The percentage of Russians who say they are not willing to leave the country on a permanent basis has hit a 7-year record, according to a new survey published by the independent Levada Center.
According to official data, 377,000 Russians left the country in 2017, the latest period for which figures are available and a six-year record. However, Russian investigative media reported last month that the real number of citizens who emigrated could be six times higher than official figures suggest.
The share of Russians who say they would “absolutely” not want to emigrate has reached a seven-year high of 61 percent, according to Levada’s latest poll published Monday. Another 21 percent said they would “rather not” want to emigrate.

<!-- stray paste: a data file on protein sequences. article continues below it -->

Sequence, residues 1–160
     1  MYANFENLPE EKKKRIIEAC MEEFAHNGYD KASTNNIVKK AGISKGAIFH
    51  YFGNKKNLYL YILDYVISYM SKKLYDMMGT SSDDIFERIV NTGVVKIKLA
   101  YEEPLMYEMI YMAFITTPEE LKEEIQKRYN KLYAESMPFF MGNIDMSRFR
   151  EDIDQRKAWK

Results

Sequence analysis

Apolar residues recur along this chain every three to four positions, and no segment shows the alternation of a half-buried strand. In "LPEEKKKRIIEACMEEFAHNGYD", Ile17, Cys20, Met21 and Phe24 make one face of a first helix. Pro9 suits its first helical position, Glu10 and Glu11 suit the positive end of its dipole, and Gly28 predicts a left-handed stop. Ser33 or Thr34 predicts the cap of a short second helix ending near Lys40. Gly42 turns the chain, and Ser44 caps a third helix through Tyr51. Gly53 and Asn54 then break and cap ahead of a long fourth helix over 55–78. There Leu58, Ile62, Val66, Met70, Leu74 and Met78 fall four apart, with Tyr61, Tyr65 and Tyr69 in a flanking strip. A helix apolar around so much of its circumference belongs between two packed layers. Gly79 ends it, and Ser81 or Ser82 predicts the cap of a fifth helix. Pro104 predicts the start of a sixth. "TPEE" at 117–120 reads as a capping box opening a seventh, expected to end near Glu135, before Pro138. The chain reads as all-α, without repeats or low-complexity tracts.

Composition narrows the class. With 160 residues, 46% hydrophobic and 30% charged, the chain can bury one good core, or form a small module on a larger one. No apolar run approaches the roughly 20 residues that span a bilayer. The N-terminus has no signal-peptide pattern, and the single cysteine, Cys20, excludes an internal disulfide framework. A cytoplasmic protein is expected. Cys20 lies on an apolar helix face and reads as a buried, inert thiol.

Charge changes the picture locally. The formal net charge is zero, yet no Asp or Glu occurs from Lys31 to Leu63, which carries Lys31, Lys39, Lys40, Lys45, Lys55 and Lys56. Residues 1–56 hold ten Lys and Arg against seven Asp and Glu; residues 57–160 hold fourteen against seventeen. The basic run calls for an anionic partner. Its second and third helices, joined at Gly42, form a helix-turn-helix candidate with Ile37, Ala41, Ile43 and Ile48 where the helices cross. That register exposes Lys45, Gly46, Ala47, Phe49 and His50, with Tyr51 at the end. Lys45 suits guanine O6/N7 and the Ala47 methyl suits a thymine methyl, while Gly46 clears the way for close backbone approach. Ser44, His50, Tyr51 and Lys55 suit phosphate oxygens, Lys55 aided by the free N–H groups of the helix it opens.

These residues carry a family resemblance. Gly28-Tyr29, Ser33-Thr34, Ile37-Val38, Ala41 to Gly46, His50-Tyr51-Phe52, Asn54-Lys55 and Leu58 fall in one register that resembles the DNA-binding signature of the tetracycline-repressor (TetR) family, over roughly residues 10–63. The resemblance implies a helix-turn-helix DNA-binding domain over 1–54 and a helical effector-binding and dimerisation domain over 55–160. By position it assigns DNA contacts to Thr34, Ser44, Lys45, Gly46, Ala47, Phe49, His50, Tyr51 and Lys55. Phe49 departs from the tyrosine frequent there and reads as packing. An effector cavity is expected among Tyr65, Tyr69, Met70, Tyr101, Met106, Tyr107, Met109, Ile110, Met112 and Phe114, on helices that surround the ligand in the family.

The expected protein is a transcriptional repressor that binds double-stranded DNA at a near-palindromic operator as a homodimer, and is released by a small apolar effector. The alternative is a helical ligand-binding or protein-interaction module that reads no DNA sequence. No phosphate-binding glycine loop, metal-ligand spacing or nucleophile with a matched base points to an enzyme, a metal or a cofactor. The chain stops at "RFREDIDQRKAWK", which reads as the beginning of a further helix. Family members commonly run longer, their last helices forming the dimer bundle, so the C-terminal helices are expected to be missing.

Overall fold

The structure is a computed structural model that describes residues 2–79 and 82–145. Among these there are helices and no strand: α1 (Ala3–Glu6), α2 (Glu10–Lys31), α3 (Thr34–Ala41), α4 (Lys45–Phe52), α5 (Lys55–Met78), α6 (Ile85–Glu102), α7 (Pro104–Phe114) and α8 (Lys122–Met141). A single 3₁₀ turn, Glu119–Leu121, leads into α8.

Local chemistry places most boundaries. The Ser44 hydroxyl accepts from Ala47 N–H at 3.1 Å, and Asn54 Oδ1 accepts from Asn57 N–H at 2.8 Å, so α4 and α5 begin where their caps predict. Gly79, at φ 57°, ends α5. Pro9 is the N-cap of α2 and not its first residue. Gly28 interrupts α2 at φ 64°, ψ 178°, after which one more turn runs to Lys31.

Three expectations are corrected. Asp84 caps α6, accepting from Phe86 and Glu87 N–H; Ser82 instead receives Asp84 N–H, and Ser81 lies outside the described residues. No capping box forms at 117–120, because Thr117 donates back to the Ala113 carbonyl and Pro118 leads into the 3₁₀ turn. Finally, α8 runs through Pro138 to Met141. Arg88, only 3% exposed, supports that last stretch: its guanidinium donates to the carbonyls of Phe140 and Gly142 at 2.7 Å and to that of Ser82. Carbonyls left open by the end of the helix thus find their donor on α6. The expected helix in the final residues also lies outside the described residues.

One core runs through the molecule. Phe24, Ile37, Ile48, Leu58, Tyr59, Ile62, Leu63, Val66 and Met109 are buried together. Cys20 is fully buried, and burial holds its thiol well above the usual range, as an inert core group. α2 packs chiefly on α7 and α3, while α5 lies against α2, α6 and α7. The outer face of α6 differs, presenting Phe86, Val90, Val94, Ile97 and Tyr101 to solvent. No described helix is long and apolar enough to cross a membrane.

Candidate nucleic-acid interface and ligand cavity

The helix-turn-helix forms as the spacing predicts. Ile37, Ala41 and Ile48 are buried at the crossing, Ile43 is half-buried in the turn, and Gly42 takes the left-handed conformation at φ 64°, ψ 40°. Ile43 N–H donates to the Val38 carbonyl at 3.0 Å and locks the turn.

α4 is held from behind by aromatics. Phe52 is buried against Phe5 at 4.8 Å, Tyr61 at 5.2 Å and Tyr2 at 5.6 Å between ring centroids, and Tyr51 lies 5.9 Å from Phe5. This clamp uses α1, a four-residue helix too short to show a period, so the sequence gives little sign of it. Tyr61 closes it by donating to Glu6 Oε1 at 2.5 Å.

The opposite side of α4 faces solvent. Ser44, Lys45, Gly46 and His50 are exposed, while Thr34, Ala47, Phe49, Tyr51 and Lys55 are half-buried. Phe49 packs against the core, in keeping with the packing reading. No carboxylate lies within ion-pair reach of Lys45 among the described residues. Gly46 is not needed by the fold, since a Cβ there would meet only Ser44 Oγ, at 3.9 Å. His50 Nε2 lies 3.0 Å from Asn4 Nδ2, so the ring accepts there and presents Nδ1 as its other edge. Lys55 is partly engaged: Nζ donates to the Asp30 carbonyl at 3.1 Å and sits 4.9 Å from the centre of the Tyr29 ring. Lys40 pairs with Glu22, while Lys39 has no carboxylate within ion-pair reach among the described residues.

“This can be explained both by the scale of the country, as well as the fact that many continue to feel that they are part of a great power and are not in need of anything foreign,” says Levada sociologist Denis Volkov.
Overall, 17 percent of all Russians said they were willing to migrate, a share that is within the 20 percent range that has expressed that wish in recent years.
Meanwhile, young people aged 18 to 24 were more than twice as likely (41 percent) to want to move abroad as the general population.
Conversely, only 5 percent of those aged 55 and over entertained the idea of leaving Russia.
The age gap was also consistent in the perception of Russian expats abroad: almost half of younger respondents said they view emigres positively, versus almost 20 percent of older respondents.
Levada conducted the survey among 1,600 respondents in 52 Russian regions between Dec. 13 and Dec. 19.